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Winky D’s manager explains Kasong Kejecha

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ACCORDING to Winky D’s manager Jonathan Banda, anything beyond the social interpretation of the song KaSong KeJecha is a figment of the listener’s imagination.

“I was actually surprised that there is a political interpretation to the song. I thought it would be taken as a social message because Winky D is apolitical,” Banda said.

Banda, who insists that “not everything is political” and that “it is unfortunate that we have been aligned to a certain side”, advised irked stakeholders to engage their camp if there was need to clarify the meaning of the song.

“If this song is political, then anything else can be given a political meaning. For some unkown musician to then make a political response to it while others contemplate not playing it on radio is worrisome and uncalled for,” he said.

The idea of politicising social commentary is retrogressive and an unfortunate suppression of creativity as well as freedom of expression.

Meanwhile, little-known Zanu PF music hype man Admire Sanyanga Sibanda has released Mushana PaJecha in what looks like a bid to discredit dancehall singer Winky D’s lyrical state of the nation address titled Kasong KeJecha.

The reactionary track in the mould of the partisan “ED Pfee” anthem is bent on endorsing President Emmerson Mnangagwa’s leadership at a time the socio-economic realities for the ordinary citizen are deteriorating as clearly put by Ninja President (Winky D) in 178 seconds.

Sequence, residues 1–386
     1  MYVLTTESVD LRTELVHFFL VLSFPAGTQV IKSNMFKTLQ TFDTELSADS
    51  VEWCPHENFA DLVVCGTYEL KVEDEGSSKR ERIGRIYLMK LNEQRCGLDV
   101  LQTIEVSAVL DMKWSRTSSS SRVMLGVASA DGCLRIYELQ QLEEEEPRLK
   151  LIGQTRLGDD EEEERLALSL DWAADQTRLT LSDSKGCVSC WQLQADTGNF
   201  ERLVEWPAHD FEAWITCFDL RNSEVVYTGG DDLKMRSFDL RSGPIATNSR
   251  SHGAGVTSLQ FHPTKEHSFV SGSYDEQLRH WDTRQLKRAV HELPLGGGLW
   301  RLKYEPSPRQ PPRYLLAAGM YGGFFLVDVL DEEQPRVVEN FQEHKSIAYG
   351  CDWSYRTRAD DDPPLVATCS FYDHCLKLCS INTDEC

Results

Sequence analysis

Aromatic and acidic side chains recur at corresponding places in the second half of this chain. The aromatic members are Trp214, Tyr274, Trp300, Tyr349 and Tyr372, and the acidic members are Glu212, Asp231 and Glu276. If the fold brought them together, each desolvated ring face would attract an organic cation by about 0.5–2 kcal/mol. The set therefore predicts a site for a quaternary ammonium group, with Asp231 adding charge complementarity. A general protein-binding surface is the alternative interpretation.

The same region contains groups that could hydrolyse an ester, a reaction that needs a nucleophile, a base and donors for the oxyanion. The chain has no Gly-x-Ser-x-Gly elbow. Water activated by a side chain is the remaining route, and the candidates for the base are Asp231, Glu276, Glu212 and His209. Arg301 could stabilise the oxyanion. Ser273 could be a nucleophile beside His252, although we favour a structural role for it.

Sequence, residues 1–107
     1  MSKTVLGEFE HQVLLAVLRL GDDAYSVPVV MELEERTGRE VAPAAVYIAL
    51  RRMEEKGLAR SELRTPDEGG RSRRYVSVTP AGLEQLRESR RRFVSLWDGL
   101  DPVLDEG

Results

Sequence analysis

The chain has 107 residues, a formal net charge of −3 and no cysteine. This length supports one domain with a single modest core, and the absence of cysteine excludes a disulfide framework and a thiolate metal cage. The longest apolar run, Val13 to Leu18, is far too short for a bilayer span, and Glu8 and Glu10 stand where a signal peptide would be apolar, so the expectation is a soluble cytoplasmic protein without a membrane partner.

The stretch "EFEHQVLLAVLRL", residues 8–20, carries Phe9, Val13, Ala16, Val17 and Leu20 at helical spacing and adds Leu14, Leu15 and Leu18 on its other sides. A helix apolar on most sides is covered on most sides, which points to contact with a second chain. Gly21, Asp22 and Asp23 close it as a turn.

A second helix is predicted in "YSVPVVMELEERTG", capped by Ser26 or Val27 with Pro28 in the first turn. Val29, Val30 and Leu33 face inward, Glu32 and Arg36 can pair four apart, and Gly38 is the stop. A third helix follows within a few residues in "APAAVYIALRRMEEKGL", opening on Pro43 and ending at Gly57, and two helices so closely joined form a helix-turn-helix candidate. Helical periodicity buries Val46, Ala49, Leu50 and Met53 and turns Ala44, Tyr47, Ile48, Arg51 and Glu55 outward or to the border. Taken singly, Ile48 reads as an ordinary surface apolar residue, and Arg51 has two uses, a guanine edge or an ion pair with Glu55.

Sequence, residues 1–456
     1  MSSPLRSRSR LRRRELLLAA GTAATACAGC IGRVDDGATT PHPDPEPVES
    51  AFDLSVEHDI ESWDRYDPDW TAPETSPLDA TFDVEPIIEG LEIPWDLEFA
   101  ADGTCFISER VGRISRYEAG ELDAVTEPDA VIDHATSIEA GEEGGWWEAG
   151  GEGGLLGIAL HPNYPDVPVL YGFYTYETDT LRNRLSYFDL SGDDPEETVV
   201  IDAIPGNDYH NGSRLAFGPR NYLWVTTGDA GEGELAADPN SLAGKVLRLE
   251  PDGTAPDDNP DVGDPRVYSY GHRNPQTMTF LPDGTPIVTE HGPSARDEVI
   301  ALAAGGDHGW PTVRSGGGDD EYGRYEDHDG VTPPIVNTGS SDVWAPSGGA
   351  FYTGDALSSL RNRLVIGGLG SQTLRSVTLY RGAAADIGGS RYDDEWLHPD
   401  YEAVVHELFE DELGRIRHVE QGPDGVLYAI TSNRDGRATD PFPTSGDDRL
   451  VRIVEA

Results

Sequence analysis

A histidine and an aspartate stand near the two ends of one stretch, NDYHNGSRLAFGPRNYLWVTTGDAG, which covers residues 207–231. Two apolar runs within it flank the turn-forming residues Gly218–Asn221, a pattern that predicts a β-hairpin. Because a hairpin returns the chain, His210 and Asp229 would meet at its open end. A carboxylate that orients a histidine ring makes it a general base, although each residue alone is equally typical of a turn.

Whether Sibanda (aka Chief Shumba), who is interestingly Mnangagwa’s nephew, was funded to produce the song is not clear, but his intention in penning a rushed song to try and blot the trending single does not only leave a lot to be desired.

As much as Chief Shumba’s songs could enjoy airplay at the expense of Winky D, it could work against his growth in the industry as it is not really music but propaganda jingles.

Perhaps he could take a leaf from Tambaoga, youthful music groups like Born Free Crew and Mbare Chimurenga Choir who have sunk into oblivion, a testimony that political alignment compromises one’s relevance off politics.

There is no doubt that politics and entertainment are intertwined in Zimbabwe dating back to the colonial era as musicians played an integral part in the liberation war.

But, in recent times musicians’ direct engagement with today’s politics has proven to have negative repercussions.

With divergent political views the reality has changed and choosing a particular political inclination may cause a backlash from some sections of the music fraternity.

Clearly, the ED Pfee song-maker is still stuck in election mode hangover which he needs to snap out of and face reality if he is to make any sober socio-political music.

In the song he says it is up to the listener to go to a side of the rulers or the ruled, but it is him who needs to choose whether to produce real music or settle for political praise and worship which will guarantee his permanent stay in the pit of the industry’s unknowns.

— Standard

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